And all of that is, in fact, true. But that’s not a tone that’s going to be particularly productive. And if you’re not prepared to pull out the little nuclear weapon that you may possess–we can all debate about how powerful a negotiating point that was for Greece. But if you’re taking that off the table you have to be much more modest in your objectives in the negotiation. You need to be up front with the electorate about the very limited degree to which you’re going to be able to relax the stringency of the austerity program. And I think there’s some criticism that ought to be leveled on the leadership of Syriza for not being particularly upfront with the Greek populace about the limited opportunities available for improving the situation in Greece given the fact that Grexit had been taken off the table.

And from my perspective what is particularly troubling about what happened is that June 30 became a very pivotal date in this entire discussion and negotiation, because June 30 was the date upon which the prior so-called bailout expired. And also there were some payments due to the IMF by June 30.

In May, Wolfgang Schauble, the German finance minister, essentially invited the Greek government to hold a referendum. That was not done. Rather, the Greek government held that referendum or called that referendum two days before the expiry of the bailout.

And I’m not particularly surprised that this caused tremendous anger on the other side of the table. I have absolutely no criticism to level at Syriza for going to the people and seeking a democratic mandate. The timing of it was problematic. It precipitated a harsh reaction from the ECB because the bailout expired, because the government in substance went into default on its IMF debt as of June 30. Then the Greek people had to deal with capital controls. They had to vote while dealing with the trauma of capital controls. Nonetheless 62 percent of the population voted oxhi.

But very, very significant damage has been done to the Greek economy. The strangulation of the financial system has undoubtedly caused the non-performing loans held by Greek banks to increase substantially. A lot of businesses will have gone bankrupt or will go bankrupt by the time these capital controls are lifted.

So the Greek banking system has been damaged, private enterprise has been damaged. The economy has basically ground to a halt. And what has been accomplished, the Greek people now must endure a bailout program that is far worse than anything they’ve had to endure to date. And I think rightly some criticism must be leveled on the Syriza leadership for this outcome.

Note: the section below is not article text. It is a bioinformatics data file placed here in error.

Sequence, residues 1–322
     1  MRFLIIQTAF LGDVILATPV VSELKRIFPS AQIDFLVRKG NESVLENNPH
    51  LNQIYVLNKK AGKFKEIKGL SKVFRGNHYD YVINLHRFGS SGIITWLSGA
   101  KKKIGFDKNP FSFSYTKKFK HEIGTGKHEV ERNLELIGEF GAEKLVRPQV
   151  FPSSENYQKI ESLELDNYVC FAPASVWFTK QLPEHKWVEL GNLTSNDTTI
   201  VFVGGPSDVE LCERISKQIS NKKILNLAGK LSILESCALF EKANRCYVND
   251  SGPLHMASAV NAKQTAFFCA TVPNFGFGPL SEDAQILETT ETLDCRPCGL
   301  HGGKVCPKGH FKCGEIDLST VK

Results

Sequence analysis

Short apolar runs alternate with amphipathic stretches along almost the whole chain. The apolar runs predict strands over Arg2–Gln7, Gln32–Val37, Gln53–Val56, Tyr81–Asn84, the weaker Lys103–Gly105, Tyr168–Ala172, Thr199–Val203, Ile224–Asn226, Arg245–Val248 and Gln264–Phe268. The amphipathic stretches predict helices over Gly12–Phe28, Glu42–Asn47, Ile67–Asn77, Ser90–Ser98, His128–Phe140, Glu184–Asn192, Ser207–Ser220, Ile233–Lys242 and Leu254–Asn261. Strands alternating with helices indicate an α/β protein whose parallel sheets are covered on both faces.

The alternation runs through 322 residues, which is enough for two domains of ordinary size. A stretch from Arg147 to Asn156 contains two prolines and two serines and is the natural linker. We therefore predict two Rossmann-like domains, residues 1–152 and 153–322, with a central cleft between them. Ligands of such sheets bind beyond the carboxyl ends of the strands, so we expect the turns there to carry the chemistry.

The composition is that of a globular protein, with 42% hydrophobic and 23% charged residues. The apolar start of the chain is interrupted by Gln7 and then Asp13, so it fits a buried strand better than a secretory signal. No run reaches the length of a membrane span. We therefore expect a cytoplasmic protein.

JAY: All right. You’re on your way to Athens tomorrow, right?

LASCARIS: Yes. And to be honest, Paul, I’m not quite sure what to expect. A lot of things could happen in the next week. And we’ll be watching with great interest.

JAY: Well, parliament is supposed to pass the, or not pass or vote down, this agreement by Wednesday. People are expecting the vote to be on Wednesday. Although there’s a possibility it might even happen tomorrow, being Tuesday. The municipal workers have called for a strike. They’ve called for a general strike, I think. I’m not sure whether that’s really possible.

LASCARIS: Yes. On Wednesday, yes.

JAY: Well, I think that they–apparently if the parliament votes on Tuesday they may move the strike call to Tuesday.

LASCARIS: Yeah. And there have been other developments, too, within the party. The youth wing of Syriza issued a statement today in which it bitterly denounced the terms of the bailout. It didn’t, I would say, directly criticize the leadership of Syriza but it’s very clear that the youth wing is very unhappy with these terms and called for a protest to be held. The left platform has come out and denounced this deal. Apparently there’s a communist wing within Syriza that sometimes issues its own statements. It too has bitterly condemned the deal.

I think that this is almost certainly going to precipitate a very serious rupture in Syriza within the next several days. Probably the government has the votes to pass this legislation because of the support of the neoliberal parties with which it has now regrettably allied itself. But how this government survives much longer once it loses its majority, that’s entirely unclear.

JAY: Okay. Thanks very much for joining us, Dimitri, and you’ll be reporting for us from Athens about a little more than a day.

LASCARIS: Yep. Looking forward to it, Paul.

JAY: And thank you for joining us on the Real News Network.

End